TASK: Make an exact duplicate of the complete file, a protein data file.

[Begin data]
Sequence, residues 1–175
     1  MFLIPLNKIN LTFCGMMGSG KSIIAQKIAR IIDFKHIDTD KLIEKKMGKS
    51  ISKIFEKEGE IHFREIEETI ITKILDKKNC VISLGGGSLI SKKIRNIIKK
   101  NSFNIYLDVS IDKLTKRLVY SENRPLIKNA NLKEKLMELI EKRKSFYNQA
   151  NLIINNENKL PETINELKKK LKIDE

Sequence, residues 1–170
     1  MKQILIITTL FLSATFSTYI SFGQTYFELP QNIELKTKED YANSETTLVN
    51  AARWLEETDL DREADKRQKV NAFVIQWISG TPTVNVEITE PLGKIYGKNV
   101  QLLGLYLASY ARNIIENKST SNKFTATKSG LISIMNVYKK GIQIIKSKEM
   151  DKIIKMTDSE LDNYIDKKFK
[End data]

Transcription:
Sequence, residues 1–175
     1  MFLIPLNKIN LTFCGMMGSG KSIIAQKIAR IIDFKHIDTD KLIEKKMGKS
    51  ISKIFEKEGE IHFREIEETI ITKILDKKNC VISLGGGSLI SKKIRNIIKK
   101  NSFNIYLDVS IDKLTKRLVY SENRPLIKNA NLKEKLMELI EKRKSFYNQA
   151  NLIINNENKL PETINELKKK LKIDE

Sequence, residues 1–170
     1  MKQILIITTL FLSATFSTYI SFGQTYFELP QNIELKTKED YANSETTLVN
    51  AARWLEETDL DREADKRQKV NAFVIQWISG TPTVNVEITE PLGKIYGKNV
   101  QLLGLYLASY ARNIIENKST SNKFTATKSG LISIMNVYKK GIQIIKSKEM
   151  DKIIKMTDSE LDNYIDKKFK